Electric ovens also have the same thermocontrol feature as gas ranges. However, there’s another layer of safety to prevent ovens from burning out. That is the auto-shutoff function.
Every modern electric oven is programmed to shut off after 12 hours of continuous use. After that, you will have to manually input new commands to start the oven. This feature is extremely beneficial for those who leave their homes for a few days, but for overnight baking, the oven may still be on when you awake. Luckily, the thermocontrol feature will still maintain the selected cooking temperature.
Can You Leave an Oven On Overnight?
After reading everything in this guide so far, you’re probably still wondering to yourself: is it safe to leave an oven on overnight?
Yes, you may leave an oven on overnight. In fact, this is one of the more reasonable ways to complete baking a large slab of meat for the following day.
Tips for Leaving an Oven On Overnight
That said, you should still exercise caution when leaving your oven unattended for any amount of time. Here’s a quick checklist of things you should do to minimize cooking-related risks:
Check your smoke detector
Make sure the smoke detector’s batteries still have some juice in them.
Move all flammable objects away from your oven
Do not leave cookbooks, dried ingredients, or wooden utensils anywhere near your oven.
Cook low and slow
If you want to roast something overnight, you will most likely do so at a low temperature. It’s generally safe to bake something at 200 to 250°F for over 8 hours continuously.
Install a carbon monoxide detector
Regardless of what fuel source your oven uses, it’s a good idea to install a carbon monoxide detector in your home. If carbon monoxide levels reach a certain concentration, the detector’s alarm will go off, informing you that something has gone awry.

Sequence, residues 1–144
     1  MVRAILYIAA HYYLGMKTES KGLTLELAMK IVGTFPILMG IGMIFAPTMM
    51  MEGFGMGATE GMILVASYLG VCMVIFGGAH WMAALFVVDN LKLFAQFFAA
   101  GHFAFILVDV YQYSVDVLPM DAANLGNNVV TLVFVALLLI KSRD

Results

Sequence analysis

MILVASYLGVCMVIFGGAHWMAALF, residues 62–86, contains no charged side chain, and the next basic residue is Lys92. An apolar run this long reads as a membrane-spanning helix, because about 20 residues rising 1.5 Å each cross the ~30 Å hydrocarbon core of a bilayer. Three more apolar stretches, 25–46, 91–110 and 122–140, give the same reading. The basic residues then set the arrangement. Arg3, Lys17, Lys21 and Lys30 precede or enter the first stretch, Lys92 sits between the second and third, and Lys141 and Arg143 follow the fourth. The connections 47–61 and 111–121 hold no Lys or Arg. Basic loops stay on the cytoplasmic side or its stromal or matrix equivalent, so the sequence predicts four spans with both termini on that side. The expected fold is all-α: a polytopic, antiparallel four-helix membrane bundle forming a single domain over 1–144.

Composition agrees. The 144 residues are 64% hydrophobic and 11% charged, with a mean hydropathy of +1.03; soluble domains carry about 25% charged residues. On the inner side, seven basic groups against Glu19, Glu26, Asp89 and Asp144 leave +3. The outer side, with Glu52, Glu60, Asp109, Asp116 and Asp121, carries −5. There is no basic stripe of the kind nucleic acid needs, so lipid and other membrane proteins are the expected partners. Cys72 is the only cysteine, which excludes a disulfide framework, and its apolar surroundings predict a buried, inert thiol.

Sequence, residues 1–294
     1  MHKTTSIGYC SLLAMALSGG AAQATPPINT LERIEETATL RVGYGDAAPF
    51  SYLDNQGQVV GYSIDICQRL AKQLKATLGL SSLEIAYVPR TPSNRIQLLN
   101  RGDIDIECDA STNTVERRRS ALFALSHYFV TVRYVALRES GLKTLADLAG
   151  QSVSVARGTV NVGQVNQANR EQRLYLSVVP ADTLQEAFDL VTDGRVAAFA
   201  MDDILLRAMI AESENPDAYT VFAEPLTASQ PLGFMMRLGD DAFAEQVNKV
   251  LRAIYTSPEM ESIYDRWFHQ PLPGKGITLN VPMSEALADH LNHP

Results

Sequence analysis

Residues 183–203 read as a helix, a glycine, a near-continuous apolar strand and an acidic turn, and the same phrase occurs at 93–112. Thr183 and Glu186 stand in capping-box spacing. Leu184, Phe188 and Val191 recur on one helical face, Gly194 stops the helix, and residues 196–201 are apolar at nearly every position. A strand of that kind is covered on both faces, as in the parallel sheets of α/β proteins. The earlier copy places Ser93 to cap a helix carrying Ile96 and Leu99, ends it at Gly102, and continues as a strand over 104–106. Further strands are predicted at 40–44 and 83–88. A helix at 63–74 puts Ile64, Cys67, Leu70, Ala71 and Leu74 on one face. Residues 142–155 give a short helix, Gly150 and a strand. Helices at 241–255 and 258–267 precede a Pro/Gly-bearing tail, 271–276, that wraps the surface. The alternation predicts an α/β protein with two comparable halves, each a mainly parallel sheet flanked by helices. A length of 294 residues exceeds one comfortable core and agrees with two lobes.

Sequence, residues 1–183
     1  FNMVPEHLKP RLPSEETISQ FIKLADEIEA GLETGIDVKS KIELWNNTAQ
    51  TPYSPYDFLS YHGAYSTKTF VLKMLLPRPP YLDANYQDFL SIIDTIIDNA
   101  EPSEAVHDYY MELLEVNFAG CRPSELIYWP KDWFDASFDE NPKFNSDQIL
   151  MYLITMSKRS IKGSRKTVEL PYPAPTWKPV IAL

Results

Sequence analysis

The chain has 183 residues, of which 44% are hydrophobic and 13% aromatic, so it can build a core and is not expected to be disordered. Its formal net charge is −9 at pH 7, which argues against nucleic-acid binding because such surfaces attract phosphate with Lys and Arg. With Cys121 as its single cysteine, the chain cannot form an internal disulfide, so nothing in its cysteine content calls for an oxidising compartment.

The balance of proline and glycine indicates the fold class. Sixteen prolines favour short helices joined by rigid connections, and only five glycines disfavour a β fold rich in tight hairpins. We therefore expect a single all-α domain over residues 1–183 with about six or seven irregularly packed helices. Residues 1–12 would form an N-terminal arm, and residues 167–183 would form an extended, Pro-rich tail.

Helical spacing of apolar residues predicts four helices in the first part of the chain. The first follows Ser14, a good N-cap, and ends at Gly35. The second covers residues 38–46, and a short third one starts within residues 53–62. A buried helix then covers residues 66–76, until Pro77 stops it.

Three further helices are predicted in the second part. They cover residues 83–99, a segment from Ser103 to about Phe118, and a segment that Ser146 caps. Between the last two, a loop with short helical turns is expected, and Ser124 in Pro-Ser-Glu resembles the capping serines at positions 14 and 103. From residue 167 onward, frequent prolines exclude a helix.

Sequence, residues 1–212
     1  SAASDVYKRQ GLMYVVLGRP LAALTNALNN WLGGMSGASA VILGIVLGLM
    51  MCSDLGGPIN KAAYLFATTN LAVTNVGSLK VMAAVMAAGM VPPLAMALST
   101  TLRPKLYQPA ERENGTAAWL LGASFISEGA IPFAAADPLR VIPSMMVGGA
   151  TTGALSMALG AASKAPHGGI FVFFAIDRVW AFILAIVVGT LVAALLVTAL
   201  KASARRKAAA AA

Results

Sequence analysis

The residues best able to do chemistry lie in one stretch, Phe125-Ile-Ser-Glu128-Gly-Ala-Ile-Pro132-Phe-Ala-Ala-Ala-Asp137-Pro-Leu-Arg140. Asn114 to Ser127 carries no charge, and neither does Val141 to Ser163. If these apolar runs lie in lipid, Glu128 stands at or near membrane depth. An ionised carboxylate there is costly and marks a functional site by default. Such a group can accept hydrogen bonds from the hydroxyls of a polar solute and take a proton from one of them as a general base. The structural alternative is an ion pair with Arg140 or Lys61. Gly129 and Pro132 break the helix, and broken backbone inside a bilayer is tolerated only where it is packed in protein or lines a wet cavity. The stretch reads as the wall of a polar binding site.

Set a timer
A timer will blare the music of its people when the countdown timer expires. That way, you’ll know when your food is done and safely remove it from your oven. If your oven doesn’t have a built-in timer, consider getting the OXO Good Grips Digital Timer.
Adjust the auto-shutoff timer
Many modern electric ovens allow users to modify when the auto-shutoff function kicks in. It’s set to 12 hours by default, but you can reduce the timer to as low as 6 hours.
Keep a fire extinguisher next to your bed
This might sound extreme, but it’s better to be safe than sorry. In the event a fire breaks out in your kitchen, the tool you need to douse the flames will be waiting by your side.
Consider using a slow cooker
Slow cookers are designed to cook foods for lengthy periods of time at lower cooking temperatures. If possible, use a slow cooker in place of an oven. If that’s out of the question, follow the tips listed above.
How to Put Out an Oven Fire
If you wake up to smoke or (even worse) uncontrolled flames in your oven, here’s what you need to do.
Keep the door shut—A shut oven door will prevent more oxygen from fueling the fire.
Turn the oven off—Carefully turn the oven off by turning the control dials or unplugging the appliance. Use oven mitts to keep your hands away safe from the hot oven.
When the fire goes out, open the oven door—Again, use oven mitts to keep your hands from becoming singed on the oven door handle.
Vent your kitchen—Open all windows in your kitchen to allow the smoke to escape. When the fire is out and most of the smoke is gone, you can turn on your range hood.
Remove the contents inside the oven—Use oven mitts!
Figure out the cause of the fire—Do not turn the oven back on until you’ve learned the cause of the fire, such as food soils, faulty gas line, etc.